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What It Takes To Level The Playing Field

What It Takes To Level The Playing Field
RAISING ACADEMIC STANDARDS AND ELIMINATING achievement gaps between advantaged and underprivileged students are America’s preeminent goals. Current federal and state policies, however, largely ignore the fact that the childhood poverty rate in the United States, at 22 percent, is the highest in the industrialized world, and that poverty substantially impedes children’s ability to succeed in school.”

Thus reads the opening salvo of “Achievable and Affordable: Providing Comprehensive Educational Opportunity to Low-Income Students,” a new report by TC’s Campaign for Educational Equity that establishes a legal framework for providing the country’s neediest children with both improved educational resources and other “wrap-around services”–including health care and after-school programs. The report details the cost of providing those services and projects the long-term return on such an investment.

In “Achievable and Affordable,” Michael Rebell, Executive Director of the Campaign for Educational Equity, argues that the current federal No Child Left Behind legislation “implicitly establishes a statutory right to comprehensive educational opportunity through its stated goal of providing fair, equal and substantial educational opportunities to all children and its mandate that all children be proficient in meeting challenging state standards by 2014.”

The annual cost per child of public policies to narrow the achievement gap through comprehensive educational opportunity is estimated at $11,800 per child in New York City and $10,400 per child in New York State by co-authors Richard Rothstein, who is affiliated with both the Economic Policy Institute and the University of California (Berkeley) Law School, TC alumna Tamara Wilder Linkow, Senior Analyst with the public policy consulting firm Abt Associates, and Whitney Allgood, Chief of Staff for the News Literacy Project. They assume a full program of 18-and-a-half years, offered to children currently eligible for federally subsidized free and reduced-price lunches.

Based on estimates by co-authors Clive Belfield, Associate Professor of Economics at Queens College (CUNY) and Emma Garcia, Teaching Assistant in TC’s Department of International and Transcultural Studies, those costs would total approximately $4,750 more per child (in New York City) than what is now being spent for supports provided to underprivileged children.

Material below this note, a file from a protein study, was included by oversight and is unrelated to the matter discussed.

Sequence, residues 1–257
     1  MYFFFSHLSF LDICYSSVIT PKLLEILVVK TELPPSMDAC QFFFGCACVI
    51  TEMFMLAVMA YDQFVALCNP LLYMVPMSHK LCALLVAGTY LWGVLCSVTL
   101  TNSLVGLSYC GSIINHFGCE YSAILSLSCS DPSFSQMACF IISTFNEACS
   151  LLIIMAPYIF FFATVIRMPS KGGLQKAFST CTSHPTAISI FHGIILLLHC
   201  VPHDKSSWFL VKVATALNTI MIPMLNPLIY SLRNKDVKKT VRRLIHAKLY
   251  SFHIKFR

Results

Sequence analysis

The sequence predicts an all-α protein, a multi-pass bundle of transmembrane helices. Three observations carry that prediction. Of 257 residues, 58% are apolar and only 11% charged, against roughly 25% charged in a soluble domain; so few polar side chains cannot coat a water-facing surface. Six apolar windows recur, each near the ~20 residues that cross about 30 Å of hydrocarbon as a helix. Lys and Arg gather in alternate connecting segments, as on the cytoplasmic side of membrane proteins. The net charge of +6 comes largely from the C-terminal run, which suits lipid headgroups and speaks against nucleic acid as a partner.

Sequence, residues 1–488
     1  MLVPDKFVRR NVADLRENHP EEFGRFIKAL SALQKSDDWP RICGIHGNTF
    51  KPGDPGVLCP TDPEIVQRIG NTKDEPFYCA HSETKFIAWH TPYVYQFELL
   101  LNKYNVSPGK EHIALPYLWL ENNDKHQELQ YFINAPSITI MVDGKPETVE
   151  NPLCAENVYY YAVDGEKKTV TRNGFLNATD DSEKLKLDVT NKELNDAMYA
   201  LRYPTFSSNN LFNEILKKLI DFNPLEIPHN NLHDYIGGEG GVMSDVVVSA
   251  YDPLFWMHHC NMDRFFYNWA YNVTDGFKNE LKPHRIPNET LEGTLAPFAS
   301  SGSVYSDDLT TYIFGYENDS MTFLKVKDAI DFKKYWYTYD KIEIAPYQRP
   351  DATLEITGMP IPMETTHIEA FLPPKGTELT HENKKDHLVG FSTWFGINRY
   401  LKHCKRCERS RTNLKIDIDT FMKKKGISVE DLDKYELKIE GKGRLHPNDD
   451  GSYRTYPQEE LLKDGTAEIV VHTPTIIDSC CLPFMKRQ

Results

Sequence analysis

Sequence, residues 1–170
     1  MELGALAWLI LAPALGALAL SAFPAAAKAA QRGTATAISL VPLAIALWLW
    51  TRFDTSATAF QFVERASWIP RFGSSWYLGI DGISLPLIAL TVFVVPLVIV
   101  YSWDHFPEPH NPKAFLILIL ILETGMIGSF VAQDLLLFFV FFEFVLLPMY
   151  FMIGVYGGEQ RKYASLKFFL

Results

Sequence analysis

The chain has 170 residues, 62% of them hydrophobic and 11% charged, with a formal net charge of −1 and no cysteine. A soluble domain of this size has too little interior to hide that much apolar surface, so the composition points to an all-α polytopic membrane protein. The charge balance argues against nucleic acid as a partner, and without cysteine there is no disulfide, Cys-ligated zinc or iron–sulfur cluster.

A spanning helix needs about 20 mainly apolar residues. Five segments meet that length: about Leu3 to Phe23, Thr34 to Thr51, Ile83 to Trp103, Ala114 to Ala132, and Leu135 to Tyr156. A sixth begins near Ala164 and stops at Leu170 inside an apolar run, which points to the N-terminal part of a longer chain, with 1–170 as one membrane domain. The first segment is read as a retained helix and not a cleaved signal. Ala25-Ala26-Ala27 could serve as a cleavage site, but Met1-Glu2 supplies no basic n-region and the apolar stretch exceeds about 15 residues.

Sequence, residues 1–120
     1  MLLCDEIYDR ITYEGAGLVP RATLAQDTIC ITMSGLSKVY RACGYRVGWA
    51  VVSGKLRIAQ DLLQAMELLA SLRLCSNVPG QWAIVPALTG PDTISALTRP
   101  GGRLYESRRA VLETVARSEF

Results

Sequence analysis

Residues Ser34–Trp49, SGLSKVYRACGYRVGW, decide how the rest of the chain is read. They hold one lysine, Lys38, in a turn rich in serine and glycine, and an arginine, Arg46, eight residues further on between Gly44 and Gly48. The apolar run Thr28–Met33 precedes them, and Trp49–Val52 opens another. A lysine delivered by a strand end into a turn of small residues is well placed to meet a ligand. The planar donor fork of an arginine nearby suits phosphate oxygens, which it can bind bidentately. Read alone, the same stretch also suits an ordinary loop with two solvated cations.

Belfield, Henry Levin (TC’s William Heard Kilpatrick Professor of Economics and Education) and Fiona Hollands (TC Adjunct Professor of Education) calculate significant long-term return on this investment through increased high school graduate rates. For example, the authors find that New York City and State combined spend $82,000 on each high school dropout on healthcare, criminal justice, welfare and education, while receiving only $45,000 in tax revenues. In contrast, for students earning a BA or high school degree, the city and state expenditures total $55,000, while tax revenues are $143,000.

To mark the release of “Achievable and Affordable,” Rebell convened a group of leading policymakers at TC in early October to debate the report’s recommendations. Moderated by TC President Susan Fuhrman, the group included TC alumnus John King, New York State Commissioner of Education and President of the University of the State of New York; Randi Weingarten, President of the American Federation of Teachers; Mary Anne Schmitt-Carey, President of Say Yes to Education, an organization that has provided comprehensive support to children in several major U.S. cities throughout their K-12 education and then funded their college tuition; and David Wakelyn, New York State Deputy Secretary for Education.

To watch a stream of the October debate at Teachers College, visit http://bit.ly/vCFY2a
Read the full “Achievable and Affordable” report online at http://bit.ly/tyelLe

Published Thursday, Jan. 26, 2012


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